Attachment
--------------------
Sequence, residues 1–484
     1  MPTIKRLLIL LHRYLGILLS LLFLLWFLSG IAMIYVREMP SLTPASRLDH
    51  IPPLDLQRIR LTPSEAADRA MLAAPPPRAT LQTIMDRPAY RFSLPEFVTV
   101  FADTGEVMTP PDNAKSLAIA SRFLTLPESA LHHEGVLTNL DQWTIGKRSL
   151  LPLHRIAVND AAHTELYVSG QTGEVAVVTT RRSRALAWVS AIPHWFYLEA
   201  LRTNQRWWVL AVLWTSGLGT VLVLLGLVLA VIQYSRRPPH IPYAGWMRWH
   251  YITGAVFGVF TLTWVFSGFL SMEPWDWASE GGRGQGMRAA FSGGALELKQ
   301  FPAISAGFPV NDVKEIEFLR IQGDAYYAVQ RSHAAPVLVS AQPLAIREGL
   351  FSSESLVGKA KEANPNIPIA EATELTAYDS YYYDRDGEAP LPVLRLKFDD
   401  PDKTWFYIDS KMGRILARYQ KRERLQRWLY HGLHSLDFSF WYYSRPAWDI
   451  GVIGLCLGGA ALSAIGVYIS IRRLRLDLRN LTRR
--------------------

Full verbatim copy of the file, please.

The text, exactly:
Sequence, residues 1–484
     1  MPTIKRLLIL LHRYLGILLS LLFLLWFLSG IAMIYVREMP SLTPASRLDH
    51  IPPLDLQRIR LTPSEAADRA MLAAPPPRAT LQTIMDRPAY RFSLPEFVTV
   101  FADTGEVMTP PDNAKSLAIA SRFLTLPESA LHHEGVLTNL DQWTIGKRSL
   151  LPLHRIAVND AAHTELYVSG QTGEVAVVTT RRSRALAWVS AIPHWFYLEA
   201  LRTNQRWWVL AVLWTSGLGT VLVLLGLVLA VIQYSRRPPH IPYAGWMRWH
   251  YITGAVFGVF TLTWVFSGFL SMEPWDWASE GGRGQGMRAA FSGGALELKQ
   301  FPAISAGFPV NDVKEIEFLR IQGDAYYAVQ RSHAAPVLVS AQPLAIREGL
   351  FSSESLVGKA KEANPNIPIA EATELTAYDS YYYDRDGEAP LPVLRLKFDD
   401  PDKTWFYIDS KMGRILARYQ KRERLQRWLY HGLHSLDFSF WYYSRPAWDI
   451  GVIGLCLGGA ALSAIGVYIS IRRLRLDLRN LTRR